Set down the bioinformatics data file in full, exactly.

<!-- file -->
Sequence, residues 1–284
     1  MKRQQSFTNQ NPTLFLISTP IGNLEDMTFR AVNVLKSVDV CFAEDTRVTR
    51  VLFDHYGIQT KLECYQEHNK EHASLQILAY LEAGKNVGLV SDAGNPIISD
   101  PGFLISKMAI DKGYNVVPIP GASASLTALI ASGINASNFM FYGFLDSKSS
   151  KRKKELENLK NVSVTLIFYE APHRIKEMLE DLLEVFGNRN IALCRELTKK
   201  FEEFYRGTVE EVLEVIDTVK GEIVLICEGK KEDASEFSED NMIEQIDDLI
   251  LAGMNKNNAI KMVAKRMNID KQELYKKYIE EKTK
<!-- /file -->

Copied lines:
Sequence, residues 1–284
     1  MKRQQSFTNQ NPTLFLISTP IGNLEDMTFR AVNVLKSVDV CFAEDTRVTR
    51  VLFDHYGIQT KLECYQEHNK EHASLQILAY LEAGKNVGLV SDAGNPIISD
   101  PGFLISKMAI DKGYNVVPIP GASASLTALI ASGINASNFM FYGFLDSKSS
   151  KRKKELENLK NVSVTLIFYE APHRIKEMLE DLLEVFGNRN IALCRELTKK
   201  FEEFYRGTVE EVLEVIDTVK GEIVLICEGK KEDASEFSED NMIEQIDDLI
   251  LAGMNKNNAI KMVAKRMNID KQELYKKYIE EKTK